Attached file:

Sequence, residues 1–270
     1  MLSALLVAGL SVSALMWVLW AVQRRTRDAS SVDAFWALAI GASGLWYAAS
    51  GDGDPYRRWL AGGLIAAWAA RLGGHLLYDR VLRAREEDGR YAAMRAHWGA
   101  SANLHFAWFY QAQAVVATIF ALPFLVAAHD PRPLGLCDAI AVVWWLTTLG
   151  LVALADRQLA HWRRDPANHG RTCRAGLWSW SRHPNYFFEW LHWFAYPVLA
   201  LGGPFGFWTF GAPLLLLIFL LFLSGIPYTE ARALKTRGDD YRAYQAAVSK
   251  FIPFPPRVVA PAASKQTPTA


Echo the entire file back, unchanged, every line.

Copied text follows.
Sequence, residues 1–270
     1  MLSALLVAGL SVSALMWVLW AVQRRTRDAS SVDAFWALAI GASGLWYAAS
    51  GDGDPYRRWL AGGLIAAWAA RLGGHLLYDR VLRAREEDGR YAAMRAHWGA
   101  SANLHFAWFY QAQAVVATIF ALPFLVAAHD PRPLGLCDAI AVVWWLTTLG
   151  LVALADRQLA HWRRDPANHG RTCRAGLWSW SRHPNYFFEW LHWFAYPVLA
   201  LGGPFGFWTF GAPLLLLIFL LFLSGIPYTE ARALKTRGDD YRAYQAAVSK
   251  FIPFPPRVVA PAASKQTPTA